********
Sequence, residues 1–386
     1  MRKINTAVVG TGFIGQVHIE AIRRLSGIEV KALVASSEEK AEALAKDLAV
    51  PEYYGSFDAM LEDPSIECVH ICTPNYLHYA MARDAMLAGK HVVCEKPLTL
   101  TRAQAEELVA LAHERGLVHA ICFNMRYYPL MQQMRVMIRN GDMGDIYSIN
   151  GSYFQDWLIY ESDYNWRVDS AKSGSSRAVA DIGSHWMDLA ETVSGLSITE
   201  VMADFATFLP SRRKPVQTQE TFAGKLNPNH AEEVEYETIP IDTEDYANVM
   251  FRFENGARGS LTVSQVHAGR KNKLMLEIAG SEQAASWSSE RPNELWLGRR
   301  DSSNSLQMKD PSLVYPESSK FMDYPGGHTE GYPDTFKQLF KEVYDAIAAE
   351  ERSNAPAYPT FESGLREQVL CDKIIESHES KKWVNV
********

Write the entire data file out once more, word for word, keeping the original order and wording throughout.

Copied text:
Sequence, residues 1–386
     1  MRKINTAVVG TGFIGQVHIE AIRRLSGIEV KALVASSEEK AEALAKDLAV
    51  PEYYGSFDAM LEDPSIECVH ICTPNYLHYA MARDAMLAGK HVVCEKPLTL
   101  TRAQAEELVA LAHERGLVHA ICFNMRYYPL MQQMRVMIRN GDMGDIYSIN
   151  GSYFQDWLIY ESDYNWRVDS AKSGSSRAVA DIGSHWMDLA ETVSGLSITE
   201  VMADFATFLP SRRKPVQTQE TFAGKLNPNH AEEVEYETIP IDTEDYANVM
   251  FRFENGARGS LTVSQVHAGR KNKLMLEIAG SEQAASWSSE RPNELWLGRR
   301  DSSNSLQMKD PSLVYPESSK FMDYPGGHTE GYPDTFKQLF KEVYDAIAAE
   351  ERSNAPAYPT FESGLREQVL CDKIIESHES KKWVNV